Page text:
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Wimbledon title a springboard to more Slams: Murray

Updated: 2013-07-09 07:51
( Agencies)

Wimbledon title a springboard to more Slams: Murray

Britain's Prime minister David Cameron (L) greets Wimbledon men's singles champion Andy Murray as he arrives for a reception at Number 10 Downing Street in London, July 8, 2013. [Photo/Agencies]

LONDON - Andy Murray is getting a taste for Grand Slam titles and believes crushing Novak Djokovic to end Britain's interminable wait for a men's champion at Wimbledon will be a springboard to take his career to the next level.

The 26-year-old became a national hero on Sunday when a 6-4 7-5 6-4 victory on a baking Center Court meant the nation could finally stop talking about Fred Perry who won his third Wimbledon title in 1936.

Murray's stunning performance was hailed by everyone from politicians, movie stars and fellow sportsmen, as well as the millions who watched his landmark victory, but the Scot will not be milking the plaudits for long.

After attending the Wimbledon ball on Sunday he was planning to celebrate with his sizeable entourage, including coach Ivan Lendl on Monday, then, after a week of rest and relaxation it will be back to the grind.

"I know what it feels like to lose in finals, in a Wimbledon final, but now I know what it feels like to win and that's certainly a lot better and it's worth putting in the hard work for," Murray told Reuters on Monday at the All-England Club.

"I didn't know last year that it was worth it because I had never won a Grand Slam before until the US Open last year.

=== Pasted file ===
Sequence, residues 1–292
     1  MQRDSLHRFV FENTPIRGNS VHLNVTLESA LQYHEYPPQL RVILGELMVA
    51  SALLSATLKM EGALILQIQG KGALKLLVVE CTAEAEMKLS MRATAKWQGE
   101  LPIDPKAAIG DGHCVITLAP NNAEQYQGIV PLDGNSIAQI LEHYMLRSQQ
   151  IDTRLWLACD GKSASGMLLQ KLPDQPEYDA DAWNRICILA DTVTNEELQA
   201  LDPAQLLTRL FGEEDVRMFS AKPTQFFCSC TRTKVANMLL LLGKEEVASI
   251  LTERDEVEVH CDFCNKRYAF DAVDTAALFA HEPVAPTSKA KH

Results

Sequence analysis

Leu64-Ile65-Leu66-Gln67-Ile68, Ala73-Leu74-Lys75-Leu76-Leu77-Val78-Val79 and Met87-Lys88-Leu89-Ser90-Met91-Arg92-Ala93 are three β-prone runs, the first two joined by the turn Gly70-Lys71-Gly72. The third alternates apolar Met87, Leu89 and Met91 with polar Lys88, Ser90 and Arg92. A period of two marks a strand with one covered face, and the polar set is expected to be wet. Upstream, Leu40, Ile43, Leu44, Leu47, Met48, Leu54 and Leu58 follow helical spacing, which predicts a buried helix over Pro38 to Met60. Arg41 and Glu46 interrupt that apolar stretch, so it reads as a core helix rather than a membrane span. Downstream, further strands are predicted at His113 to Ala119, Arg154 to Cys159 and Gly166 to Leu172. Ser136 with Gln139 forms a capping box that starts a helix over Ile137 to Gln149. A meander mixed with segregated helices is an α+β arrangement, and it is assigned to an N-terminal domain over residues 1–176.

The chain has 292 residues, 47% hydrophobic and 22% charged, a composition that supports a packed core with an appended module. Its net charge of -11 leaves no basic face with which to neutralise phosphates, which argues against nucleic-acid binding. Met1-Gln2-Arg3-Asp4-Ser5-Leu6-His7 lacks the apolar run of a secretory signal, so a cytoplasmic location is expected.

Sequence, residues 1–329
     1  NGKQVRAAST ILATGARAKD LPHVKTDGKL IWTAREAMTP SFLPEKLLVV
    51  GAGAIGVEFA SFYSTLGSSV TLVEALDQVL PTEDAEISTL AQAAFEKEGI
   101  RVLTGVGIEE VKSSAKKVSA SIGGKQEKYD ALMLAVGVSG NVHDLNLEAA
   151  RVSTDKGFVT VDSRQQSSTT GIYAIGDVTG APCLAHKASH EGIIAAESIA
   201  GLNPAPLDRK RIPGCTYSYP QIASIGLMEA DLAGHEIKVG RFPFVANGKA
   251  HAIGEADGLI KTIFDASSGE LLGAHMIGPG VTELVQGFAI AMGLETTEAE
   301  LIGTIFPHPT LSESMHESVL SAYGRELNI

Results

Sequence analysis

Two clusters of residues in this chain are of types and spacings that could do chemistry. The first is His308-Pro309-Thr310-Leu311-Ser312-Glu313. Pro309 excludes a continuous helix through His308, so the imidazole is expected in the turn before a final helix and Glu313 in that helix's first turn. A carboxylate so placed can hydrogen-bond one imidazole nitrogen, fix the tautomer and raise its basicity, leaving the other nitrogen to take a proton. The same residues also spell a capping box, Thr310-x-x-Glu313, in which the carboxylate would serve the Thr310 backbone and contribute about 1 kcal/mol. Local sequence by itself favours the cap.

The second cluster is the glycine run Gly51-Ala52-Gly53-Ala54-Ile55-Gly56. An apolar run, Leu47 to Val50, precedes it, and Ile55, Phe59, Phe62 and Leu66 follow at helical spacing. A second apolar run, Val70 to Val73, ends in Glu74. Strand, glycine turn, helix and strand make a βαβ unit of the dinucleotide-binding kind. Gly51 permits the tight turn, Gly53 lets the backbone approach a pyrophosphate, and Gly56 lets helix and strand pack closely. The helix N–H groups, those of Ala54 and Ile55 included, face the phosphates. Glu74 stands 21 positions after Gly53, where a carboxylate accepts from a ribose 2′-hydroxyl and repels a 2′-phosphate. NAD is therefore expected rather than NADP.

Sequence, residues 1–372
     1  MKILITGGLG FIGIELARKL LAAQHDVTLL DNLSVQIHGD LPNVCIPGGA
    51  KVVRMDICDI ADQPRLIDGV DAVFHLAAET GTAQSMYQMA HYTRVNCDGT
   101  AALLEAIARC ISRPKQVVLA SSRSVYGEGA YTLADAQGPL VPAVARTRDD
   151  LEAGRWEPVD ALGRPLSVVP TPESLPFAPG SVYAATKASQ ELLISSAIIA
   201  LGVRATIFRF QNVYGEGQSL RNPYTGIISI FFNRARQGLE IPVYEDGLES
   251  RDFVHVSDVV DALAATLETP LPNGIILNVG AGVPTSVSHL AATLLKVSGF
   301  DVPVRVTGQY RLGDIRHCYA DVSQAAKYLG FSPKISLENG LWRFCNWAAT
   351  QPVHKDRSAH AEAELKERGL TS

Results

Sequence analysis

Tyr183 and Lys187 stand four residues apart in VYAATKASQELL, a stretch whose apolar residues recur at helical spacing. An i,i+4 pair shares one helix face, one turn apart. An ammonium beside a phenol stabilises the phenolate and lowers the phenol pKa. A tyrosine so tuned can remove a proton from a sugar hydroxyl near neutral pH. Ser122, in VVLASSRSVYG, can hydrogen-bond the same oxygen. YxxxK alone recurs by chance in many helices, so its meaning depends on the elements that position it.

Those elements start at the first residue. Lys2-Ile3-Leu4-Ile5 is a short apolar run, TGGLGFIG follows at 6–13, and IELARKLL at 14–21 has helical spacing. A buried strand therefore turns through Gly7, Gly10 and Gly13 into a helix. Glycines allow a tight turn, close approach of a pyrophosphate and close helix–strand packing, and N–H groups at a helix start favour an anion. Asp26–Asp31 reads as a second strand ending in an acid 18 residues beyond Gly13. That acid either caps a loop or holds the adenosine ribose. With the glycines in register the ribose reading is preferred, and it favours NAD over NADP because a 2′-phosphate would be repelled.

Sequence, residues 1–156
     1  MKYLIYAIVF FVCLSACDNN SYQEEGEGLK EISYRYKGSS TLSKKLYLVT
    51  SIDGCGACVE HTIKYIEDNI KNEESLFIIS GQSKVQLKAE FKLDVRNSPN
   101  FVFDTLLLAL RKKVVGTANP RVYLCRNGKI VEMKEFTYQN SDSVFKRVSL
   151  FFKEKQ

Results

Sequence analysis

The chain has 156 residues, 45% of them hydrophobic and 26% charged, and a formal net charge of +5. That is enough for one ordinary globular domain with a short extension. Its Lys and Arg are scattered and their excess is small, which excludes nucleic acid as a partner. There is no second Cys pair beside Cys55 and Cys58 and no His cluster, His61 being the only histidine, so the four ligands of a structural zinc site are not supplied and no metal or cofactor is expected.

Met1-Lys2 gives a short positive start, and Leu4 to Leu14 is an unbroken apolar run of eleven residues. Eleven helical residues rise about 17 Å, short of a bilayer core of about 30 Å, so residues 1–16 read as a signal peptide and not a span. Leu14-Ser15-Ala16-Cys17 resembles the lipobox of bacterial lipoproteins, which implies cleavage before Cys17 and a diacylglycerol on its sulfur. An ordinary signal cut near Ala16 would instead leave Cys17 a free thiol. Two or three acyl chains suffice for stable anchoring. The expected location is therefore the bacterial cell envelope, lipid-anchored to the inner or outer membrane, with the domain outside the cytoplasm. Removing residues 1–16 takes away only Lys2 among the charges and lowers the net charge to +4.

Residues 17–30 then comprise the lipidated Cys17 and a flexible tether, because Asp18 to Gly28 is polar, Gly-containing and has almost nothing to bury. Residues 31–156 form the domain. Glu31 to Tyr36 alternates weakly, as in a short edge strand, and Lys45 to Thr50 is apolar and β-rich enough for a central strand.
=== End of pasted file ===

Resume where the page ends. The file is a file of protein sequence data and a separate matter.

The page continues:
"After that you realize the hours you put in training, preparing and working on the practise court, it's all worth it.

"So I hope this is a springboard for me and I will use it for my advantage."

Murray, who now holds two of the Grand Slams and Olympic gold, was already a member of the exclusive All-England Club but when he walked in on Monday after "a few hours sleep" he did so with Wimbledon champion as a new title.

It is quite an upgrade and the realization of what he achieved on a momentous Sunday for British sport was slowly sinking in, but only after watching a few TV replays.

"The last game was something that stands out but I had to watch it a few times to remember what actually happened because when I came off the court I had no recollection of that game," a relaxed Murray said.

"I had no recollection of the last few points in it at all. It was just a crazy way to finish the game and I didn't think it would have happened for me any other way.

"For everyone watching it needed to be like that to make it more special."

Wimbledon title a springboard to more Slams: Murray

Wimbledon men's singles champion Andy Murray of Britain shows his trophy to school children during a publicity event in Kennington, south London, July 8, 2013. [Photo/Agencies]

Murray had the whole country on edge as Djokovic saved three championship points in a row before Murray kept his nerve to engineer a fourth which he converted to spark wild celebrations.

His reaction to victory was a dazed walkabout on Center Court before climbing into the stands to hug his support group, girlfriend and mother Judy.

Last year's Olympic gold was memorable but Murray said winning Wimbledon was the pinnacle.

"I think it's number one, it's different from the Olympics," he said. "I think winning Olympic gold within sport is a huge thing but winning Wimbledon within tennis is the pinnacle and I don't think I will ever top that."

Murray beat Djokovic in the Olympic semifinals and said that result had fuelled his belief that he could be the Serbian world number one again on the biggest day of his career.

"I spoke with Ivan the night before and we spoke about tactics and I watched my match against Novak in the Olympics semifinal from last year," Murray, whose decision to hire Lendl as coach 18 months ago has proved an inspired one.

Inspired Murray ends 77 years of British hurt

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